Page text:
“That wasn’t planned!” Iannucci laughs. “When I was finishing Veep I was thinking I wanted to do something about dictators or autocrats, or populist figures like Le Pen or UKIP here. How do people just by their personality manage to captivate an entire country?” He was already considering these ideas when Yann Zenou and Laurent Zeitoun, the film’s producers approached him about the graphic novel, which hit those very beats.

Unpredictable demagogues captivating the hearts and minds of countries – this sounds familiar. It is easy to interpret The Death of Stalin – with its presentation of Janus-faced politicians operating in total fear of its petulant leader – as a blistering critique of Donald Trump and the chaos that he creates. However, Iannucci points out that he started working on the script three years ago, before the inexorable rise of Trump. “I think Brexit happened in the middle of the shoot, but certainly not Donald Trump. So it's only when we came out on the other side that we have these strange goings on in America that strangely parallel [the film].”

Iannucci points out that even though The Death of Stalin wasn’t influenced by Trump per se, the undeniable parallels stress the film’s core, timeless idea. “The underlying idea behind it, if you want to look for a serious message, is that freedom and democracy are not absolutes and they are not permanent,” he says. “They have to be continually managed and continually looked after.”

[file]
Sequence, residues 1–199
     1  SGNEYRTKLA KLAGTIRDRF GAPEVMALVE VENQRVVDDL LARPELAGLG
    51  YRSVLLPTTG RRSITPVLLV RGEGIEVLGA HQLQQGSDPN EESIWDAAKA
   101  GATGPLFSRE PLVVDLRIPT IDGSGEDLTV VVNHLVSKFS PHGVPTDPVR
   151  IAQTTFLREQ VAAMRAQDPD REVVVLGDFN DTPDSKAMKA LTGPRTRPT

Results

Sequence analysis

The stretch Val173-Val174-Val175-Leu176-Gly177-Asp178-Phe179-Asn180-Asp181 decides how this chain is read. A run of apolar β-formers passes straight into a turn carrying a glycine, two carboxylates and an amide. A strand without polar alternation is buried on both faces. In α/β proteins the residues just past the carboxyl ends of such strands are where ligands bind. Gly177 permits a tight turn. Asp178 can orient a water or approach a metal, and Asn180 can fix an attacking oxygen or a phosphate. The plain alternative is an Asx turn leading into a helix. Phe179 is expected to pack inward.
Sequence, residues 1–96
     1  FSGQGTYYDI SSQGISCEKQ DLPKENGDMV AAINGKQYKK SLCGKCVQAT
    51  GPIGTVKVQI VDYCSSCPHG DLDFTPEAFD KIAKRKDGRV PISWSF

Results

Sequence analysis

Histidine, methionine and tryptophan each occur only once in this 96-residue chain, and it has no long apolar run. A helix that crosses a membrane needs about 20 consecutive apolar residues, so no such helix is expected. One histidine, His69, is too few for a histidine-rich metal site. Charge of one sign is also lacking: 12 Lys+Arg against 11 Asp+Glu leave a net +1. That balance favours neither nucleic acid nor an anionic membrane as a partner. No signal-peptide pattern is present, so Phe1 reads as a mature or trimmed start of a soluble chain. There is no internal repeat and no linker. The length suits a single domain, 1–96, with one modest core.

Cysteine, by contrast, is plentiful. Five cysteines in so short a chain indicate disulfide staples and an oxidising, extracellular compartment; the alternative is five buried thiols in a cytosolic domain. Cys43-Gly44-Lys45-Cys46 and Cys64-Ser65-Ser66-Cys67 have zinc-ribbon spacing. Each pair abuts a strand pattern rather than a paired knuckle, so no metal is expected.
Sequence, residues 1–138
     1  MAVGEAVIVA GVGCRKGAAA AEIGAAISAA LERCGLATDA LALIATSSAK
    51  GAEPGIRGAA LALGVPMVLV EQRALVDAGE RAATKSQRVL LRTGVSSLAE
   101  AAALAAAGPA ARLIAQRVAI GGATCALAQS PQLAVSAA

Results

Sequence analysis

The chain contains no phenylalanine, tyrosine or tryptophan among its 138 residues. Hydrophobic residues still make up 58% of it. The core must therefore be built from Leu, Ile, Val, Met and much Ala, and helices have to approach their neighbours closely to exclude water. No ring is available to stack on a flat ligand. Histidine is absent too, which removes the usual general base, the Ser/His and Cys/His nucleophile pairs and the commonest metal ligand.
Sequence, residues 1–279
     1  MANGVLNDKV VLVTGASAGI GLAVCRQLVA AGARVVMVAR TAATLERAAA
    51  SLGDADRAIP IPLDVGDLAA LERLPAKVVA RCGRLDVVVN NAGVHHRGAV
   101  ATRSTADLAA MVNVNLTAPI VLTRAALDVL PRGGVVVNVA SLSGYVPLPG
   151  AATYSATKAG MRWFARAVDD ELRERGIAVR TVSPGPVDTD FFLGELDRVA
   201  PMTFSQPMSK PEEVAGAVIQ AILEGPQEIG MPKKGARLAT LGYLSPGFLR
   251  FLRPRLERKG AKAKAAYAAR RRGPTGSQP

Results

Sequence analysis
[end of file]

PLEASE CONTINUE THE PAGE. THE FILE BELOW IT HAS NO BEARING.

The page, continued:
Iannucci observes how it’s comedians who are the ones stepping up to these responsibilities. They aren’t treating Trump as a joke, he says. “If you make Trump a comic figure, then you’ve reduced him to [something] safe. I find the comedians who are really hitting home about Trump are the ones who've become journalists in a way.” Comedians uncovering facts, he says, gives people a chance to engage with “what's really going on rather than reduce him to this comic clown."

This seems a good opportunity to bring up Sean Spicer and the effectiveness of satire in today’s society. What does Iannucci think of Spicer’s Emmys appearance on a Segway – the very object that Melissa McCarthy used to ridicule him with on SNL? Does it enforce the idea that the role of satire is changing? That now it's being appropriated by its targets, even being used as a rehabilitation tool? “That's what happens to politicians when they leave politics though,” he says. “They suddenly become much reduced versions of themselves.”

One can sense Iannucci’s frustration, however: “If you've made certain decisions and said certain things, you have to still be held to account for them.” This draws back to his reminder that democracy must be protected constantly. “It's not like a big evil man came along. It's a gradual thing and it's a series of small incremental compromises.”

After all, he says incredulously, “This is someone who was paid to lie on the behalf of a white supremacist, so why is he here? Because they aren't in political office, it doesn't mean to say they've been let off the hook. We shouldn't be making them popular entertainers.”

This assertion is a reminder of why Iannucci’s satire is so powerful. It never reduces people to harmless caricatures, focusing instead on what makes them human and therefore dangerous. “Ultimately that lends itself to comedy a little bit more because comedy is about fragility and vulnerability, faults and failings,” he says.

Iannucci mentions an observation about a Stalin anecdote that serves well as a lesson of what happens when we abandon our democratic guard and dull comedy’s core essence. “Stalin made a speech and everyone stood up and applauded and the first person to stop applauding was then shot. Which you sort of think, ‘well logically that means they're still applauding.’”


The Death of Stalin is released 20 Oct by Entertainment One
Armando Iannucci comes to Glasgow Film Theatre on 11 Oct, 7pm to present a preview of The Death of Stalin and hold a Q&A following the screening